• Journal article
    Van Zalk N, Tillfors M, Mortberg E, 2020,

    Social anxiety-impulsivity subgroups and links to later emotional adjustment in adolescence: a latent transition analysis

    , Journal of Early Adolescence, Vol: 9, Pages: 1397-1426, ISSN: 0272-4316

    A growing body of research has acknowledged the heterogeneity of subclinical social anxiety, identifying a subgroup of individuals who exhibit high levels of impulsivity. In a sample of Swedish early adolescents (N = 2,509, Mage = 13.64; 52.8% girls), we conducted latent transition analyses (LTA) to identify four classes of subclinical social anxiety-impulsivity across three time points. We identified a Low Social Anxiety-Low Impulsivity class, as well as a High Anxiety-High Impulsivity class for girls and boys, which had high levels of Time-4 internalizing problems. The latter class was less stable but larger for boys. There was also a more typical High Anxiety-Low Impulsivity class for both genders. Nevertheless, Low Anxiety-High Impulsivity girls and boys fared the worst in terms of both internalizing and externalizing problems later on. To our knowledge, this is the first study to adopt an LTA framework to investigate trajectories of early adolescent social anxiety-impulsivity over time.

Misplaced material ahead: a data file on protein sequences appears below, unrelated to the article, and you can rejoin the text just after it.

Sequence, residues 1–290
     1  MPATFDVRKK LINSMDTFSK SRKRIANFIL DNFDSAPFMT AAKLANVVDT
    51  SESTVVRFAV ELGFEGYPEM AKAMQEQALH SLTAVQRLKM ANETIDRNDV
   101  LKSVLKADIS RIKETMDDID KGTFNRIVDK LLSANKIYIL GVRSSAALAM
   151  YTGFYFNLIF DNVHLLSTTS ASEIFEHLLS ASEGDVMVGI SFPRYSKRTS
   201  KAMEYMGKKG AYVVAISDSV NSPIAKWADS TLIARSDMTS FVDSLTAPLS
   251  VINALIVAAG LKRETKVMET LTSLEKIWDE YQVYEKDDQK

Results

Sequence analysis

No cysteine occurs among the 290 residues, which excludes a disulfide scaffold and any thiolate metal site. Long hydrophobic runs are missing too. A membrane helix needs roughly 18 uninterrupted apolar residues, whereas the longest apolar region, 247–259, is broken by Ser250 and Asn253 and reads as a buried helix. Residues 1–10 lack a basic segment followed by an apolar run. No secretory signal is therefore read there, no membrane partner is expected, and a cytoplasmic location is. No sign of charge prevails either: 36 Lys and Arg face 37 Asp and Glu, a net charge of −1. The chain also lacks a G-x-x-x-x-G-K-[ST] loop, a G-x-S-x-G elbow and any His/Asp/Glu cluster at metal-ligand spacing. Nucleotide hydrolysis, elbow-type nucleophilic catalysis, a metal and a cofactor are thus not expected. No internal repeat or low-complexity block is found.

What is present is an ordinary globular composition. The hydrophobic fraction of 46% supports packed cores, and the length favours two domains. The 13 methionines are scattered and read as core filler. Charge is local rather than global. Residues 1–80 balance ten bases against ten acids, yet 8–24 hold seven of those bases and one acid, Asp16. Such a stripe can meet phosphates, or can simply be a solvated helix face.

• Book chapter
    Monks CP, Van Zalk N, 2020,

    Adolescent Relationships in a Digital Age: What Do We Know and Where Does the Future Lie?

    , Online Peer Engagement in Adolescence: Positive and Negative Aspects of Online Social Interaction, Editors: Van Zalk, Monks, Pages: 163-177
  • Book chapter
    Van Zalk N, Lee SH, 2020,

    Links between online communication and compulsive internet use in adolescence: Is there a reason to worry?

    , Online Peer Engagement in Adolescence: Positive and Negative Aspects of Online Social Interaction, Editors: Van Zalk, Monks, Publisher: Routledge, Pages: 85-102
  • Book chapter
    Van Zalk N, 2020,

    Online peer engagement in adolescence: Moving away from “good vs. bad” to brave new frameworks

    , Online Peer Engagement in Adolescence Positive and Negative Aspects of Online Social Interaction, Editors: Van Zalk, Monks, Publisher: Routledge, Pages: 1-17, ISBN: 9780429887406